It’s easy to grow delicious, crisp cucumbers in your garden! Here’s how to plant, grow, and harvest crunchy cucumbers that aren’t bitter.
Cucumbers are one of our favorite veggies to grow in our backyard garden. The kids enjoy planting the seeds, watching the vines climb up the trellis, and eating the cucumbers–sometimes right off the vine.
Here’s everything you need to know about planting, growing, and harvesting these tasty vegetables (technically, they are fruits) in your garden.
How to Plant & Grow Cucumbers
How much sun do cucumber plants need?
Cucumbers need full sun to thrive, so choose an area with 6 hours of sun or more per day.
However: too much sun for too long will prevent fruit from setting. If temperatures exceed 90F for more than 3 days, consider a rigging up a shade cloth to keep the plants cool.
Do cucumbers need a lot of water?
Cucumbers have shallow roots and require regular watering, especially during flowering and fruiting. Mulching is helpful in retaining moisture and keeping weeds down. If plants don’t get enough water, cucumbers may be curved and bitter.
Planting & Spacing
Cucumbers grow quickly and will produce through the season as long as you keep picking them.
Start your cucumber seeds outside, two weeks after your average last frost date. Cucumbers like light, well-drained and fertile soil. The warmer the soil at planting, the happier your cucumbers will be.
Plant seeds about 12” apart with a little bit of EB Stone Sure Start to get them started with extra nutrients. I like to protect the seedlings (and mark their location) with a toilet paper tube fort like this. Seedlings will emerge in 5-10 days.
Cucumbers need a trellis to climb on. This will keep the fruit off the ground and away from critters. The cucumbers will also grow straighter, and air flow will help prevent mildew.
I like to use this jute trellis netting because at the end of the season I can cut the whole thing down, plants and all, and put it in my compost bin. If you’ve ever tried to dismantle and roll up a net trellis, you’ll see the appeal of this.
How many cucumbers should I plant?
Plant 2-3 slicing cucumbers for each cucumber eater in your house, since each healthy plant can produce 10 or more cucumbers over the season. If you’re planting pickling cucumbers, each plant can produce up to 5 pounds of cucumbers.
Can I plant a cucumber from the store to grow more cucumbers?
No. Most store-bought cucumbers are hybrids, which means the seeds–even if fertile–will not grow true and the plant will not set fruit. Better to spend a few dollars and get a packet of Tasty Green cucumber seeds.
Cucumber Pests and Diseases
There are a few kinds of bugs that like to attack cucumbers. Common pests include slugs and snails, cucumber beetles, and aphids.
Snails and slugs can be exterminated in a variety of ways. Here are mine, in order of preference:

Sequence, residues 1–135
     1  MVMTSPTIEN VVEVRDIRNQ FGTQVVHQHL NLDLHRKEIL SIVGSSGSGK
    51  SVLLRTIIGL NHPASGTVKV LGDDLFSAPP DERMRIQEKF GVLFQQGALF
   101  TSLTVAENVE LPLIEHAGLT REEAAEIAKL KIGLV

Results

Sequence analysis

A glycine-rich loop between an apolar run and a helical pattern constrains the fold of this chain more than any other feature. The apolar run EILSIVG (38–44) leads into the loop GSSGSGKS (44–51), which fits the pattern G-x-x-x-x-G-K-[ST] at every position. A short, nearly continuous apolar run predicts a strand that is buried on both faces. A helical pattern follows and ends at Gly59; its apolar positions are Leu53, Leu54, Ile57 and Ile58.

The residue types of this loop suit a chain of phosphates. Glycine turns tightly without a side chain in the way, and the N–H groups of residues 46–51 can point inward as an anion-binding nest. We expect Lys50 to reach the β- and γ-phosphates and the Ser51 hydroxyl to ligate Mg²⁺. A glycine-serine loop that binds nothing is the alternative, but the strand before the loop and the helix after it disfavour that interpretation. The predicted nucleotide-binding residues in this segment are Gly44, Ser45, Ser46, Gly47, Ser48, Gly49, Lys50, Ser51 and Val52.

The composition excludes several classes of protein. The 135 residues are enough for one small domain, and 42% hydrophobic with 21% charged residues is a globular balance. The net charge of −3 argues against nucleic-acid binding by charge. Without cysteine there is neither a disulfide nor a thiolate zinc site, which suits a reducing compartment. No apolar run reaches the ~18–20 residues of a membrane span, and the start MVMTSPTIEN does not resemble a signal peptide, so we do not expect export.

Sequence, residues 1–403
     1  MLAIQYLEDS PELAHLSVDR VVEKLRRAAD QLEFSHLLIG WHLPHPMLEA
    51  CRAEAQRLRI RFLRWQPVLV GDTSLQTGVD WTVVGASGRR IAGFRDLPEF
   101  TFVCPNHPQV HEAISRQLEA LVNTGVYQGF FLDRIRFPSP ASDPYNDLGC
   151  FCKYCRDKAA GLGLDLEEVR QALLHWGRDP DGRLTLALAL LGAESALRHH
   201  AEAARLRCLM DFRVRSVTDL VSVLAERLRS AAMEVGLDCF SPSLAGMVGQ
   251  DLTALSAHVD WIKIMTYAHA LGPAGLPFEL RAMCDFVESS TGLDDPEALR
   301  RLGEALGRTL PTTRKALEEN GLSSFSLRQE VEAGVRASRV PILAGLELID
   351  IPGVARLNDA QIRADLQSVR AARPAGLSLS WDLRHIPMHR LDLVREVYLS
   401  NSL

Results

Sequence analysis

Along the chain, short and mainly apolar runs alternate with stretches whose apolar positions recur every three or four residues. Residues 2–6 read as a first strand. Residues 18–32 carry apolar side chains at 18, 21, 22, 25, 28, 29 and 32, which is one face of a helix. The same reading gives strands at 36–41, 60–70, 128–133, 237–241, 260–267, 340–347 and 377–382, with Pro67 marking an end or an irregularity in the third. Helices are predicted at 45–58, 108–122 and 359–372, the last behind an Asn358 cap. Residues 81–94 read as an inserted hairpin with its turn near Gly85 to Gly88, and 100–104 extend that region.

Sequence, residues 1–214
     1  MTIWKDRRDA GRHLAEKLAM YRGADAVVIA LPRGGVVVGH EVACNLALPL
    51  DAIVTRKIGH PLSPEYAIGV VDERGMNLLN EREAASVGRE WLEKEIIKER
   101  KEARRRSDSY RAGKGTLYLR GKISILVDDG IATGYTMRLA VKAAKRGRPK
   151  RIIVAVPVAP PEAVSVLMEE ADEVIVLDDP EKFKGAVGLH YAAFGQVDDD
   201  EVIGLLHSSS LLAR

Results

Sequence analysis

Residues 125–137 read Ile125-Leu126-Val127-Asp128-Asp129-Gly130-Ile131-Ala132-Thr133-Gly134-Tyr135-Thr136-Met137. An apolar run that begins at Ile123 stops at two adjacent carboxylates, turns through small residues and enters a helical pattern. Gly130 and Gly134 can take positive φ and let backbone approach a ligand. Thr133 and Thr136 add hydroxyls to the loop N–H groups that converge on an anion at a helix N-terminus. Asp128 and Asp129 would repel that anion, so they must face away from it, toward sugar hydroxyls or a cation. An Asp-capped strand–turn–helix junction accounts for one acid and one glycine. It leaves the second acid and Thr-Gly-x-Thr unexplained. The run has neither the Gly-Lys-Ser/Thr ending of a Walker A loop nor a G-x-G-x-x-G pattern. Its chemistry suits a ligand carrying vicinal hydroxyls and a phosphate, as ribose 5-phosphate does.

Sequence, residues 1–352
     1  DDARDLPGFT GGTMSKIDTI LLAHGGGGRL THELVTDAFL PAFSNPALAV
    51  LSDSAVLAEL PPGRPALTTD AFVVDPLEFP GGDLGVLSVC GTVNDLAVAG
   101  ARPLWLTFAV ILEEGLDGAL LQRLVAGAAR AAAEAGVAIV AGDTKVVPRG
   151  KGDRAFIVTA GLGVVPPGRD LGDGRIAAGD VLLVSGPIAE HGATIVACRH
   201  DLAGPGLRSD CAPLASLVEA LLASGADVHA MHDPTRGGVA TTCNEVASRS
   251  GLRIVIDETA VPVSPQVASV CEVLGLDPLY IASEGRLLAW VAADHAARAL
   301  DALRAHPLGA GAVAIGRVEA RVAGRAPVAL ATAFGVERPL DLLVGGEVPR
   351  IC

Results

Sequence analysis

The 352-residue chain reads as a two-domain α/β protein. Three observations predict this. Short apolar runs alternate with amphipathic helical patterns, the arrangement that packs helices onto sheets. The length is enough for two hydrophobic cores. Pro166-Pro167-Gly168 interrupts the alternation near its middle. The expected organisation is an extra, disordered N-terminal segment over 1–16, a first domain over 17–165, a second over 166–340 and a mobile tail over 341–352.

- Offer your kids a bounty for every one they squish. Send them out hunting at dusk with a flashlight for best results.
- Sink an old tuna can or cat food can into the ground so the opening is level with the soil. In the evening, put a bit of beer in the bottom—they’ll ooze their way in for a drink and won’t be able to get out. Dispose of the little drunkards in the morning. Repeat as needed.
- My aunt glued a row of pennies along the top edge of all her raised beds to keep the snails out. Apparently, the copper reacts with the snail’s slime to produce a mild electric shock. I haven’t tried this to be sure it works, but it does make a great conversation starter.
Aphids are common, and relatively easy to manage with natural methods. Read more about natural ways to get rid of aphids.
Cucumber beetles look like yellow ladybugs, but can be differentiated by their long antennae.
They can spread squash mosaic virus, and are generally bad news. An infestation in a home garden is rare but difficult to control. The UC Department of Agriculture gives some insecticide recommendations here.
Downy mildew and powdery mildew are caused by different fungi, and are hard to treat. It’s best to prevent them by keeping the leaves dry. Water at the base of the plant rather than with an overhead sprinkler. Work with the plants and harvest after the morning dew has dried.
What’s companion planting? Well, just like people, some plants get along better than others.
I learned this from Carrots Love Tomatoes: Secrets of Companion Planting for Successful Gardening, which is a must-read for us vegetable gardeners.
Cucumbers should not be grown near potatoes, but they grow well next to beans, peas, radishes, and sunflowers.
While not strictly considered companion planting, I plant my cucumbers on a slanted trellis and grow lettuce underneath. The lettuce appreciates the shade the cukes provide, and I’m getting two crops from one area.
It takes cucumbers about 60 days to grow from seed to harvest size.
Slicing cucumbers should be harvested when between 6-8 inches long, and pickling cucumbers when less than 3 inches long. Cut the stem, rather than pulling, when the fruit is at the right size.
Don’t leave overgrown cucumbers on the vine, as that will tell the plant to stop producing.